How to reduce a disadvantaged child’s chances of a leg up in life

This post is also about EYFS reception year and this affects everyone in education. It’s all too easy to dismiss  the start of school life for children as some kind of settling in period, perhaps a time to make friends and play while learning the basics needed to access year 1. Even Ofsted inspectors tend not to have experience of the EYFS stage and politicians decline to comment because that stage of school life and what goes on seems too other-worldly. Nobody wants to challenge the accepted dogma because it is so easy to accuse naysayers of being uncaring, cruel even. However, what goes on in the reception year sets the course for that child’s education pretty much forever. Take heed.

If you’re not aware of how the reception year is usually implemented, let me bring you up to speed: children are tracked for Early Learning Goals and teachers ideally do not teach, except for once or twice daily phonics sessions. Instead, the children are offered a number of group tables with different play-based activities designed to allow children to discover the basics that tie in with the literacy and numeracy ELGs as well as other areas of development. The characteristics of effective learning that must be developed according to the 2014 EYFS curriculum are:

  • playing and exploring
  • active learning
  • creating and thinking critically

Yesterday I posted about how EYFS reception year essentially free-rides on the teaching that parents do at home, as well as some input on phonics teaching. Those that do not achieve are easily given the ‘Not ready’ status and you can see how, right from the start, the gap in achievement, particularly for the disadvantaged, opens up. The whole system relies on a majority of parents being proactive, but it falls down in disadvantaged areas if the majority of parents do not do the requisite parenting (not just teaching the basics, but also discipline, love, routine) needed for children to ‘learn from each other’ in the classroom or to access the discovery learning offered by the teacher. So what are they learning then?

  1. Limited vocabulary and poor enunciation

Reception year is noisy. Everyone accepts this and assumes that children prefer hullabaloo over calm, order and quiet. If a cohort of children comes into reception year without the basic vocabulary to string a sentence together, and another cohort come in with chronic glue ear that affects hearing, then you’ve got an almost comedic combination of children learning hardly any vocabulary as well as pronouncing it all wrong. Add to this the fact that everyone will be speaking at once, you’ve got to wonder how anyone improves their speech, language or spelling at all. I feel tired just sitting in a popular pub for an hour and I also struggle to hear what is said, yet these little people spend 30 hours a week in a similar social situation. Middle class parents just accept the situation and know that their child will at least be learning good conversational vocabulary and social skills at the dinner table, but some parents may be worried that school might set their child back and undo their good work.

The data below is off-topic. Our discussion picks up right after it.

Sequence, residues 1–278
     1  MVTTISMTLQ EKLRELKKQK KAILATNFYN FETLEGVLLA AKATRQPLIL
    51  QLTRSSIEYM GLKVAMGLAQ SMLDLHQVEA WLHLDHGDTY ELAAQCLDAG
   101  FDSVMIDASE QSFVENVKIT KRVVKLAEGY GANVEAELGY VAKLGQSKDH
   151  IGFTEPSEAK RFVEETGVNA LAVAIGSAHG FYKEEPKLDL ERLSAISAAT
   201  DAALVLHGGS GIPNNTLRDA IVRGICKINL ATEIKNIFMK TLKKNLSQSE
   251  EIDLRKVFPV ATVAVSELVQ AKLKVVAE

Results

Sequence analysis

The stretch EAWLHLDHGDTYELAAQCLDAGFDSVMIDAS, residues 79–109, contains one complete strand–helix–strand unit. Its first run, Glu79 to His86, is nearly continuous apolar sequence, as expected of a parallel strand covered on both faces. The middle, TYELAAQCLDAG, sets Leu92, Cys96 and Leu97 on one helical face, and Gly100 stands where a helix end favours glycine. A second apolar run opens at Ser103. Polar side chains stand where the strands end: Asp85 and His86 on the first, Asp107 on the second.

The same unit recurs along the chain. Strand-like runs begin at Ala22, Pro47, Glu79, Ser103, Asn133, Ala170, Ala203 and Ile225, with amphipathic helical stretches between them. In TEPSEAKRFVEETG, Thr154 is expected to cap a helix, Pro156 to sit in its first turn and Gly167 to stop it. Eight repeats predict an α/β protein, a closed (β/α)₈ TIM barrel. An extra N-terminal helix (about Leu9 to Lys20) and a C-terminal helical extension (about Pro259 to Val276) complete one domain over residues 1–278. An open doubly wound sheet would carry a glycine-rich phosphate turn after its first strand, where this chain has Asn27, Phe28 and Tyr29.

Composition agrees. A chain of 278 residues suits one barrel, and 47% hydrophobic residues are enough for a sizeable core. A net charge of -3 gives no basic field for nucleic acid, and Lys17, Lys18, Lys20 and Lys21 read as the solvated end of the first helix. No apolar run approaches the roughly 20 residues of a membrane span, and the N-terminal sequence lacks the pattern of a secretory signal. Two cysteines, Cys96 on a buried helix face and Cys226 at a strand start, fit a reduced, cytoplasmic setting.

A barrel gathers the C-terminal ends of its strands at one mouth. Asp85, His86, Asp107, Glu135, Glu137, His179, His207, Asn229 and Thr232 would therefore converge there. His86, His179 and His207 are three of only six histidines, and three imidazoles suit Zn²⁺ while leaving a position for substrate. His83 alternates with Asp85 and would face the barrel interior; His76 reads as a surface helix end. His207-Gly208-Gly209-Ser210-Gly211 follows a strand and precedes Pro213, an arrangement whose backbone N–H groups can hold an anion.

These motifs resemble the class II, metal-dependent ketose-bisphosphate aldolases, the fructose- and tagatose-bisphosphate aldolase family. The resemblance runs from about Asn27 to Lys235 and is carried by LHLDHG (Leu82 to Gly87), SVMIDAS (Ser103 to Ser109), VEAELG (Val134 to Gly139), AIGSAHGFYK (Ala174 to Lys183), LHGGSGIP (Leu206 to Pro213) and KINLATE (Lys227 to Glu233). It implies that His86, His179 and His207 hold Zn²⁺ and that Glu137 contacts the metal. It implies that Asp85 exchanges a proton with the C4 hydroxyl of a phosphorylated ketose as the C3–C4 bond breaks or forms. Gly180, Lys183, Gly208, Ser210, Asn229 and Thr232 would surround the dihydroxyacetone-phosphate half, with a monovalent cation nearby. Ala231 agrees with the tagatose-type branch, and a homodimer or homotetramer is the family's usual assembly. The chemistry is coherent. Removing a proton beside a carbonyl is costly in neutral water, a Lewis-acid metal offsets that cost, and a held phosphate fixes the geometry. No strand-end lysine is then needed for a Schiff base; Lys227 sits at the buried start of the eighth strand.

2. How to shout. All the time.

Oh my goodness how pissed off was I when my children started school and then somehow learned to shout in my face the whole time? We’d be sat at the dinner table and I’d have to remind them that I was sat right next to them, not in the next village. This happened because of the reception year enforcing and embedding their shouting and ignoring skills.

3. Adults are not important

When the teacher is facilitating rather than teaching then the child is also learning that the adult is not important: not worth listening to or even looking at. It strikes me as odd whenever I visited reception year classes how little eye contact and sustained concentration children were able to give to adults, but it does make sense given that the children will be, allegedly, learning through discovery and therefore spending more time looking at shiny, bright things on a table, at the iPad or their friends, rather than at the teacher/adult. Just writing this makes me wonder whether the massive increase in ASD incidence and diagnoses in recent years is partially because those on the spectrum who need explicit teaching/modelling about how to interact with fellow human beings are instead having the opposite situation hard-wired during a crucial stage in development.

4. Desensitisation to anti-social behaviour

Up and down the land there are reception classes with a minority of violent, rude, selfish and disrespectful children in them. Many reception teachers would say otherwise, that their classes are wonderful havens of angelic singing and creativity, but it’s like even the teachers get desensitised to the noise and disruption that a certain cohort of children bring. Every time I pop my head into a reception class it’s like Armageddon; how can the teacher possibly know what every child is doing? Biting, scratching, shoving and kicking are the natural go-to options for many children who lack the vocabulary and social skills to negotiate their way into getting what they want and no amount of 15 minute assemblies about ‘remembering to be nice‘ can offset that. The teacher may indeed manage to turn around the behaviour of many children and the year will end on a high, but during that time many children will have had to put up with an awful lot of shit. Sometimes literally. Many children learn the lesson that some people just can’t help themselves and that we should just let them be. There are positives and negatives to this: an acceptance of different kinds of people is good and the world indeed be a boring place if we were all the same, but if this is mixed in with having to accept anti-social behaviour, then this must surely get a lot of children who make the effort to behave down.